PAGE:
Sunday mornings, for parents who also go to church, can be the worst. These mornings often involve grumpy children, yelling parents, and breaking speed limits. Exacerbating the delays, the tension, the meanness, is often a subtle despair that Sunday mornings should not be like this!! On the way to church, for goodness’ sakes!
And yet, things are often not like they ought to be. My family’s Sunday tradition involves getting donuts on the way to church. Yes, it unfortunately means having to leave earlier, but yes, it also means no breakfast making is required, so it’s a win overall. A few years ago my kids were on the trampoline, in pjs, wrestling, on Sunday morning. I, using my I’m-an-amazing-mom-gently-reminding-you-that-we-need-to-leave-soon voice, calmly yelled out the back door that if they wanted donuts we had to leave in ten.
“We do! We do want donuts!” Wrestle-mania continued.
Three minutes went by. Still wrestling.
“Hey savage ones! If you want donuts get in here and get dressed!”
“We do! We do want donuts!” More Bouncing. More wrestling.
Three more minutes went by.
“You have lost your everloving minds if you think I’m getting you donuts if we are not pulling out of this driveway in 3 minutes. “ Less gentle. Less amazing.
“We do! We do want donuts!”
“Really? Cause I can’t tell AT ALL. You say you want donuts but you are doing NONE OF THE THINGS REQUIRED to get donuts. At some point you have to move your bodies toward your closets if you actually, in fact, want donuts. You can’t just keep saying it while performing pile drivers on each other.”
And just like that, 4 little bodies tumbled out of the netting, onto the grass, up to their closets, and into the car. Donuts received, along with tardy slips from Jesus.
As we slide into 2019, there are lessons here for us. Like children—especially when it’s resolution time—we wholeheartedly claim to want things we have no intention of pursuing. The kids adamantly asserted their desire for pastries, but really they just wanted to play. Last week I suggested we do the self-reflection required to tell the truth in the new year. If we want to share meaningfully engaged lives with others, we must work to stop our subtle practice of defending ourselves, seeing only our best intentions, and revising history to make ourselves seem noble in every encounter.
Extending that thought, it is helpful to recognize that we often say we want certain realities in our lives without taking steps to realize them. Some examples are easy:
We say we want to be healthy, but we like Doritos more than running.
We say we want a good night’s sleep, but we drink too much or watch TV late into the night.
We say we want to be less busy, or to have less distracted kids, but we overcommit everyone we care for without blinking an eye.
We want to be people who read, but we pick up a book and then pick up an iphone…and then an hour disappears.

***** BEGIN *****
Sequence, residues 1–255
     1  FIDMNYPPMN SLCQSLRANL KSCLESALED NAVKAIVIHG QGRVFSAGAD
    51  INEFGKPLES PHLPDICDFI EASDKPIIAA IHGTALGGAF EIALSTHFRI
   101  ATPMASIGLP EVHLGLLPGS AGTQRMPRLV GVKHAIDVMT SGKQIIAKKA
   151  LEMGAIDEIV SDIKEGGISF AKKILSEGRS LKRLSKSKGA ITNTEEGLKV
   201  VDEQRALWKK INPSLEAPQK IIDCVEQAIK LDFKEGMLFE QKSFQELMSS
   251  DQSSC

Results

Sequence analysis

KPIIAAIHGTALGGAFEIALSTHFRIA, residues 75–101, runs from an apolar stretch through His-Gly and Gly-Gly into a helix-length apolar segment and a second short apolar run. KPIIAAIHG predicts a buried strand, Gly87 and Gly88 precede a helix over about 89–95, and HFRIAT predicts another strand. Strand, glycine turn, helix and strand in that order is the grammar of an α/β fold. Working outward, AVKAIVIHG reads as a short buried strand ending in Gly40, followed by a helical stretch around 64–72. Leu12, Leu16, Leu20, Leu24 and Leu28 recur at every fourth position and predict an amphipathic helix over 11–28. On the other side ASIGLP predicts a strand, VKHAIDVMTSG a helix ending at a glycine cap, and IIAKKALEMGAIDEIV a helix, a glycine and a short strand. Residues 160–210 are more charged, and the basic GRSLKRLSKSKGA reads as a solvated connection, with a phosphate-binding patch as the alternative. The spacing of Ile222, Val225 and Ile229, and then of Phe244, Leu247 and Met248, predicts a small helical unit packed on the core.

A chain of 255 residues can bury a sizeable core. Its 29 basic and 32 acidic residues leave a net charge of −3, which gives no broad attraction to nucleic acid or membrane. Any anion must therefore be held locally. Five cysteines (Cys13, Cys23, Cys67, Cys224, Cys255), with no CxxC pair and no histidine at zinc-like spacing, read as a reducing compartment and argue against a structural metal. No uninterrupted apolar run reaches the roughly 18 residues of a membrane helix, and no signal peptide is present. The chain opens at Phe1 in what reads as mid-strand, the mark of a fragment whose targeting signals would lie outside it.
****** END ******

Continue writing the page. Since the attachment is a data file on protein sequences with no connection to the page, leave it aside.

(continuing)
For the next few weeks I’d like to slow the tape for us, offering time to think about how we talk about the things we hope for. Approaching middle age, it is easy to imagine one day looking back on a few decades of failed attainment. I never got the rhythm of rest and work down. I never got my kids to put their phones down. I never got the whole family dinner made at home thing to work. I never had the relationships I wanted with my neighbors.
My fear is that this narrative of failure is coming for all of us, and rather than understanding how we got here, we will revise history to make ourselves seem disciplined and intentional, while painting our dreams as idealistic or impossible. In other words, we will easily assume we all live in a circle of failure because it is too hard to be the people we hope to be. We tried, and repeated for years that we hoped for X. Since X never happened, it must be that X is impossible.
Our tendency to assume our unrealized hopes are impossible is another way we lie to ourselves. For instance, I talk and teach a LOT about neighboring. This is a clunky word, but it conveys the idea that we want to care well for the people we know. We literally want to be good neighbors to our neighbors. We want to be people and have people to call in a pinch. We want to share meals and watch babies and walk dogs. Nevertheless, for many of us, we say we want this while we actively chose our own agendas at the expense of those very relationships.
For years, I said I wanted to be a good neighbor. However. When a knock came at an inopportune time, or when a never-ending chat in the yard made dinner late, or when being outside somehow beckoned a visit, or when a big party landed cars in my space or noise in my ears, I got annoyed. Without realizing it, I longed for friends-like-family neighbors while actively avoiding such relationships. The truth is that I only wanted amazing neighbors when I needed a favor, or on the one night a year when communal grilling and cocktailing seemed like all I ever wanted in life. I said I wanted to be a good neighbor while sort of hating all the things neighboring requires.
Alas, our capacity for hypocrisy is enormous. We will spend a few weeks here examining the dreams to which we aspire. For now, pay attention to the oft-repeated hopes of your frustrated soul and then examine the ways you approach or fail to approach those hopes. I suspect our problem is not that our dreams are out of reach, but that we fail to understand all that they require. Do not abuse the dream because you lack the stamina to realize it.